FREAKS

1932; directed by Tod Browning; written by Willis Goldbeck and Leon Gordon; 64 mins

[SPOILERS]

“We call you: the Not-Yet-Disabled” – Anon

One of the earliest examples of a director being pilloried for his uncompromising work, only to be rehabilitated years later. Freaks is one of the all-time horror classics that I have been remiss in catching up with so time to sort that out! Continue reading

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FREE FIRE

2016; directed by Ben Wheatley; written by Amy Jump and Ben Wheatley; 86 mins

So, we didn’t see this one in NZ cinemas because apparently no one would want to see a bunch of stars in a slam bang, feature-length action exploitation flick, presented by Martin Scorsese. No one. You couldn’t sell that! Much like Kiwi distributors didn’t bother selling Wheatley’s previous film, High-Rise, a big dystopian sci-fi starring Tom Hiddleston, Jeremy Irons, Sienna Miller, Elisabeth Moss and Luke Evans and they didn’t so the same with Midnight Special, American Honey, Inherent Vice and countless other top-notch US and UK, director-led genre movies (to say nothing of the scores of foreign language films that don’t even get a look-in) and I am fucking sick of this! Continue reading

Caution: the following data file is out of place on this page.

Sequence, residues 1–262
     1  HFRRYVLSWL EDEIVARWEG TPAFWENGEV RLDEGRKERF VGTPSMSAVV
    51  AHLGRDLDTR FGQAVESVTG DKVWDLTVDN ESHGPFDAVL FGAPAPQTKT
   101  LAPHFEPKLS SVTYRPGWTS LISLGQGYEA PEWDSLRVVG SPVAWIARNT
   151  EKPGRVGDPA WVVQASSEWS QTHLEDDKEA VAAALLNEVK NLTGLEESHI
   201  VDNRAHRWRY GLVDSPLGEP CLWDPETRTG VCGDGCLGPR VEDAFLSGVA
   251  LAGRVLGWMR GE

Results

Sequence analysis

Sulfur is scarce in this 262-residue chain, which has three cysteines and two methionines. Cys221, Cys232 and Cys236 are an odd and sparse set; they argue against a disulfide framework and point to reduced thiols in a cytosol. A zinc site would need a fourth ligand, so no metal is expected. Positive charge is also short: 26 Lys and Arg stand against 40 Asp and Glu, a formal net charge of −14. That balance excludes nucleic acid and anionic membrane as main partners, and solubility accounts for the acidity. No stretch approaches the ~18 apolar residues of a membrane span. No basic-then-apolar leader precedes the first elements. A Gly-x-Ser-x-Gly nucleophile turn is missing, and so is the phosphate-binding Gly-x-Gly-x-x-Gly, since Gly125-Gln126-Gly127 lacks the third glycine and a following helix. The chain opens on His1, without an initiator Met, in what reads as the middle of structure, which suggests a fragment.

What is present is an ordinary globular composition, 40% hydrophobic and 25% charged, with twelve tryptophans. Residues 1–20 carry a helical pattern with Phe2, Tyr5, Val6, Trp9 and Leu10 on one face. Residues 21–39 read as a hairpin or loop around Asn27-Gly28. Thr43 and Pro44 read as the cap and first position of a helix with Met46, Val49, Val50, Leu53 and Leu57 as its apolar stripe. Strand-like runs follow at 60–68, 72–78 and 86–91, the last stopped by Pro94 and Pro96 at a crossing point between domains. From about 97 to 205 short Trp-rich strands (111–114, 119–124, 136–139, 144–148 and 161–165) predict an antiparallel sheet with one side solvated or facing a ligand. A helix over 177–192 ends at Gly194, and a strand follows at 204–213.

A FISTFUL OF DYNAMITE/DUCK, YOU SUCKER!/GIU, LA TESTA!/ONCE UPON A TIME… THE REVOLUTION

1971; directed by Sergio Leone; written by Roberto De Leonardis, Sergio Donati, Sergio Leone, Carlo Tritto and Luciano Vincenzoni; 154 mins

[Spoilers.]

“And then, the people who read the books, they all sit around the big polished tables, and they talk and talk and talk and eat and eat and eat, eh? But what has happened to the poor people? They’re dead! That’s your revolution.” – Juan Miranda

About the only film I would say is a genuine underrated classic. Perennially lost amidst all of Leone’s other films, A Fistful of Dynamite (by which it’ll be referred from here on in because that’s the name by which I came to it) is the dirty, smelly, subversive cousin sandwiched in between golden children, Once Upon a time in the West (1968) and Once Upon a Time in America (1984). It’s historically all over the place, to say nothing of the lead actors’ accents. When it came out, it was too ambivalent in it’s politics for the cultural elite and too arty for the studios, both of whom butchered it in their own way. This review is of the 154 minute version… that’s very important! Not the 121 minute version or the 138 minute version which miss out very crucial character beats. Continue reading

THE GREAT SILENCE

1968; directed by Sergio Corbucci; written by Mario Amendola, Bruno Corbucci, Sergio Corbucci and Vittoriano Petrilli; 101 mins

[SPOILERO!]

Bleak is the word! In Sergio Corbucci‘s atypically snowbound Spaghetti Western, the faces are scarred and severe and the landscapes are endless and lonely. Filmed in the Italian Dolomites, watching it on a bitterly cold evening was perhaps not the wisest option as Silvano Ippoliti‘s bitingly beautiful cinematography is matched by Corbucci’s ice-cold outlook. Continue reading